Also, the funds will be used to support Interswitch’s pan-African strategy, which includes acquiring new customers and developing new products to support a financial inclusion strategy.
Techpoint Africa Blockchain Summit
The Techpoint Africa Blockchain Summit (TABS 2022) will take place in less than nine days! Are you ready?
Polygon is sponsoring 50 free tickets to Techpoint Africa Blockchain Summit (TABS), holding on May 21, 2022. To win, follow the instructions here.
Tickets are selling out fast; save a seat for yourself here.
Safaricom to launch M-PESA Junior Accounts
Safaricom has announced plans to launch M-PESA Junior Accounts for young Kenyans, intended for people aged 10 to 18.
The telco company claims these customers will be able to access the network through SIM cards registered to their guardians or parents since they do not have the necessary identification to register for a Safaricom line.
Remember that Kenya’s Communications Authority (CA) introduced new standards requiring parents and guardians who purchase phones for minors under 18 to register the SIM cards in the child’s name to protect minors who use Internet and broadcasting services.
Why? Children are vulnerable to various risks due to the rapid industrial revolution and digitisation in Kenya and globally. Also, with access to the Internet via various devices, other hazards include child trafficking, prostitution, child pornography, trafficking, early age exposure to alcohol advertising, cyberbullying, and crimes like identity theft.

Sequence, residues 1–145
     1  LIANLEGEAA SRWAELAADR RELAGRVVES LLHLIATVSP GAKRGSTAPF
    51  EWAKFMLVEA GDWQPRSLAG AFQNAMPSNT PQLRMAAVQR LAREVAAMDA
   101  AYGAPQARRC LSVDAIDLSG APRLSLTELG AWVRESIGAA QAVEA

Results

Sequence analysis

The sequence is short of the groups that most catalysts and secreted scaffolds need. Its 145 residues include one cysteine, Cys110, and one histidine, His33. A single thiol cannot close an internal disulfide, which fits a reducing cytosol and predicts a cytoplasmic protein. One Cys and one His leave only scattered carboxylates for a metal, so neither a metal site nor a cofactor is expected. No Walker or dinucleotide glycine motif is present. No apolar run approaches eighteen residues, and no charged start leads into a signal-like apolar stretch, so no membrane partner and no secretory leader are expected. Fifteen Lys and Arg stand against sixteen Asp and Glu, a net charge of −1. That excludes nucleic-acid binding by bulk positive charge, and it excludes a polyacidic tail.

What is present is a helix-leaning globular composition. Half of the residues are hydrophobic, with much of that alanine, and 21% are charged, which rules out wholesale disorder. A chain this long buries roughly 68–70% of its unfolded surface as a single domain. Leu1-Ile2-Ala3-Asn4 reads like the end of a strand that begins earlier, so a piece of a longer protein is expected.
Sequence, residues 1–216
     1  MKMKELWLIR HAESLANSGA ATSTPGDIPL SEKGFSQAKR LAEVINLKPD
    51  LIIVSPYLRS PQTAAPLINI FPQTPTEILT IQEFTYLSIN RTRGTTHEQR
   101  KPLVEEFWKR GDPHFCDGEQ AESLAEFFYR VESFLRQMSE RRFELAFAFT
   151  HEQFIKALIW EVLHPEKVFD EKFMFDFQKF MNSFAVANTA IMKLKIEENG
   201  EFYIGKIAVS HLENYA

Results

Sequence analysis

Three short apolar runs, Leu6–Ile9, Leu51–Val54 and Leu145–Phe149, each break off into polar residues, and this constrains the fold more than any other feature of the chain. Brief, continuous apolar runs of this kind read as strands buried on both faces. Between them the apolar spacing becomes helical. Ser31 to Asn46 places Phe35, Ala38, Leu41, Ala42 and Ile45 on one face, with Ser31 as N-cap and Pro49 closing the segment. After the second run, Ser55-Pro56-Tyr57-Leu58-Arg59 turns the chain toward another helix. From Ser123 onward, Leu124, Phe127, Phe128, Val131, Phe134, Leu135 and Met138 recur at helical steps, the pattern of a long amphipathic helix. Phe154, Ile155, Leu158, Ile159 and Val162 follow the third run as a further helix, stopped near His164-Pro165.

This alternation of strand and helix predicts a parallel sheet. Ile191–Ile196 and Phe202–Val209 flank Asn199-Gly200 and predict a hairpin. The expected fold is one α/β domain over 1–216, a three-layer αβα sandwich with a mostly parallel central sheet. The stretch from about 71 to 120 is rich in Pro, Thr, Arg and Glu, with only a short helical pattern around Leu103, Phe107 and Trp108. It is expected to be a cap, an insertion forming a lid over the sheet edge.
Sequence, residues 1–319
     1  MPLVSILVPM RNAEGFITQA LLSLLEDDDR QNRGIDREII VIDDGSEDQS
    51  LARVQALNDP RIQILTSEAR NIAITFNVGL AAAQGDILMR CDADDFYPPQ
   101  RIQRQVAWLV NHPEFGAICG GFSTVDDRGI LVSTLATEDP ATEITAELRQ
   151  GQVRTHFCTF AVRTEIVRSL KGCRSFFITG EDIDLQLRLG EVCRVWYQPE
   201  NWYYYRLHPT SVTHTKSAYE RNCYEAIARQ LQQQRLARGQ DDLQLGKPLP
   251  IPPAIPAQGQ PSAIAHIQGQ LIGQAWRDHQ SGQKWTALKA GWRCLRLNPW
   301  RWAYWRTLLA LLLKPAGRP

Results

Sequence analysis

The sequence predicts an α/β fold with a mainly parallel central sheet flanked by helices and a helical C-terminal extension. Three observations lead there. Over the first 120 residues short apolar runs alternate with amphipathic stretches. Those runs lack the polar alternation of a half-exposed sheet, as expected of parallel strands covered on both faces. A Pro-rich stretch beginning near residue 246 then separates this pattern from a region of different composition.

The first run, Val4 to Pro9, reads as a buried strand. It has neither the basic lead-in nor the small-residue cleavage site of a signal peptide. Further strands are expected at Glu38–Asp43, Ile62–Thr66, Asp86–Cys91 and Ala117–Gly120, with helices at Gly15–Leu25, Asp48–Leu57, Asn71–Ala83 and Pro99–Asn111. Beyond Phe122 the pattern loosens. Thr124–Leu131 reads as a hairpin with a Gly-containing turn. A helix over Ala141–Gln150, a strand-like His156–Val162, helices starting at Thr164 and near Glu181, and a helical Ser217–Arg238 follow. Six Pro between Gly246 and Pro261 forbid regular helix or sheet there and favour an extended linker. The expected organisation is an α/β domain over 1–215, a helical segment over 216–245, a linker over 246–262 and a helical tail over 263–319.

Consequently, CA wants mobile network operators, broadcasters, internet service providers (ISPs), and content providers to implement policy and technical safeguards to protect minors.
However, it appears that Safaricom is at odds with Kenya’s CA with this plan. Well, the company has not revealed additional details on how the M-PESA Junior Accounts will work.
Also, the telco will launch a virtual debit card for international online payments.
Why? While some products, like Spotify, can be paid for directly with M-PESA, others, like Netflix, are unavailable, forcing customers to use bank-affiliated cards.
And this causes some concern, particularly among those unwilling to do so for security or other reasons best known to them.
Further, per the World Bank Financial Inclusion Data, 72.9% of Kenyans have a mobile money account, and 26.1% buy and pay bills online. This means that over 14 million people buy and pay bills online.
However, the products will be available before the end of June 2022.
What I’m reading and watching
- Elon Musk Seeks to Scrap Tesla Margin Loan With New Twitter Funding
- Mental health may benefit from even short social media break
- Here’s the memo Twitter CEO Parag Agrawal sent about firing execs and a hiring freeze
- Why humans run the world
- 10 MINUTES HISTORY: World War II in 10 minutes (WW2)
- Evolution of Evil E05: Adolf Hitler
- Win up to ₦1m when you participate in Credo’s Social Payments Hackathon starting May 16, 2022. Register here.
- Google is providing 30,000 scholarships to those passionate about technology and keen on gaining skills in Android applications development and Google Cloud. Apply here.
- The Social & Inclusive Business Camp (SIBC) has begun searching for its 6th cohort of African entrepreneurs. Apply here.
- eHealth is looking for a professional with 5 years experience in designing, implementing or managing MLE systems and processes. Apply here.
- AFS Global STEM Accelerators is looking for females between the ages of 15 and 17 years to apply for its 12 week all-virtual programs. Apply here.
- TechCabal is looking for Senior Editors to join its team. To apply, click here.
Have an amazing weekend!
Victoria Fakiya for Techpoint Africa.
A writer with ADHD who is interested in mental health and how technology is improving the lives of Africans with mental disorders.